INDIANAPOLIS (AP) — A judge and creditors will have to decide who runs the Indiana Toll Road after the highway’s private operator filed for bankruptcy protection, formally acknowledging that it couldn’t afford the debt from the multibillion deal to take over the highway.
Chicago-based ITR Concession Co. submitted its federal bankruptcy court filing late Sunday. In it, the company said it failed to make a $102 million interest payment that was due in June.
ITR’s debt stems from the 2006 deal pushed by then-Gov. Mitch Daniels under which its parent company, the Spanish-Australian consortium Cintra-Macquarie, paid the state $3.8 billion upfront for a 75-year lease of the 157-mile tollway crossing northern Indiana from Chicago to the Indiana-Ohio state line.
The filing seeking Chapter 11 bankruptcy protection includes the plan ITR announced last week to sell the toll road lease rights to help pay off debts, company ITR spokeswoman Amber Kettring said Monday.
“We have to follow the lease, and it’s still in effect. All the maintenance standards and operational plans that we have are still in effect,” Kettring said. “When, and if, there is a buyer it will still be in effect then as well because the new lease will just transfer to the new operator.”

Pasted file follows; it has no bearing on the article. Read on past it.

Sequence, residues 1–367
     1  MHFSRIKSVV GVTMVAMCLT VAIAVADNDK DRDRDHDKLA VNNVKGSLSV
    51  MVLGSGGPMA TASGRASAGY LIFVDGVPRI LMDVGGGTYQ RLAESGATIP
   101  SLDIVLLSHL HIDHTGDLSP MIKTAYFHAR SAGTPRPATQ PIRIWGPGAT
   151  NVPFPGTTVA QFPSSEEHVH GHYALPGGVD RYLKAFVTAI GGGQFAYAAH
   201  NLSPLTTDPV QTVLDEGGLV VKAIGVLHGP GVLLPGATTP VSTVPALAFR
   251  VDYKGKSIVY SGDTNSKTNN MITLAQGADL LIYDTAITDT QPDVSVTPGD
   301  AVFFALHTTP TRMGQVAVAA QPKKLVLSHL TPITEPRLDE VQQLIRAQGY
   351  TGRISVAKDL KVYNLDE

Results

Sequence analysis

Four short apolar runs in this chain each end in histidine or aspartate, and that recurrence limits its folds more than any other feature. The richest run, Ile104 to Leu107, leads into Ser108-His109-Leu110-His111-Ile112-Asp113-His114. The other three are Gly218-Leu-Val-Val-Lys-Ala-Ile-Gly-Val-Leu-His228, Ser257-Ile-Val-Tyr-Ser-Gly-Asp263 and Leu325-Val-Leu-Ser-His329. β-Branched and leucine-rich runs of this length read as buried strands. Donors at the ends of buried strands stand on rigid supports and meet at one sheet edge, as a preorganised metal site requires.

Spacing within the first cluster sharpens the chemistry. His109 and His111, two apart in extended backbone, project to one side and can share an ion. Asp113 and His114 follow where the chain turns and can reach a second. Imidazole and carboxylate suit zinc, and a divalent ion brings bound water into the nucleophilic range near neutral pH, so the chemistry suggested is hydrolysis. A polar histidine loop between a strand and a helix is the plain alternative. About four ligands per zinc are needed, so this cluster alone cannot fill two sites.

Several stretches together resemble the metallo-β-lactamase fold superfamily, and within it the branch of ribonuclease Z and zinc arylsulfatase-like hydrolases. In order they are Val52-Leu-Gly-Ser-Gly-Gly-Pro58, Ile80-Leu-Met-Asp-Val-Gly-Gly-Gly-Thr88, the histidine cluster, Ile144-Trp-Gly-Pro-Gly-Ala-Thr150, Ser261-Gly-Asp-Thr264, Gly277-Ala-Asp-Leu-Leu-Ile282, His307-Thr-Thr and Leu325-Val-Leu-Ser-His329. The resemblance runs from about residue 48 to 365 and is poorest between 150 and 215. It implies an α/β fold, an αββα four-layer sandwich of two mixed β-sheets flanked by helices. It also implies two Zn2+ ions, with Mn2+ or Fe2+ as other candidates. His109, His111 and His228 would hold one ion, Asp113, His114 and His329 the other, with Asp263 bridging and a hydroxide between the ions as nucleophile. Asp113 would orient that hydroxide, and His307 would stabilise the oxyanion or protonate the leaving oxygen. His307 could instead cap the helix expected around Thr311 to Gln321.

State officials said they expect no changes in the highway’s daily operations.
“Hoosiers can expect business as usual on the Indiana Toll Road,” Gov. Mike Pence said in a statement.
The Indiana Finance Authority, which oversees the highway lease, anticipated the bankruptcy filing, Pence said. A new operator for the highway must be approved by the finance authority.
“Contingencies to address situations like this were written into the 2006 agreement,” agency Director Kendra York said. “So, day-to-day operations will continue as they have been on this important Indiana roadway, and we’ll continue to monitor the bankruptcy process on behalf of Hoosier taxpayers.”
The lease gives ITR all the highway’s toll revenues, and it is responsible for maintenance and improvement costs.
ITR blamed its financial troubles on the 2008 recession leading to a drop in interstate trucking, a major source of revenue for the highway, according to the bankruptcy filing. The company, however, said the highway’s revenue has gone up 36 percent and operating costs have declined 27 percent since 2007.
The toll charge for cars not using transponders to pay has risen each July since 2008 under a formula included in ITR’s lease agreement. That rate now stands at $9.70 for driving the highway’s full length — up from $4.65, which the state hadn’t increased since 1985. The charge for cars using transponders remains locked at $4.65 until 2016.
ITR and its creditors hope to complete the lease sale by August 2015 and will reorganize its debt if a sale can’t be finalized, according to the bankruptcy filing.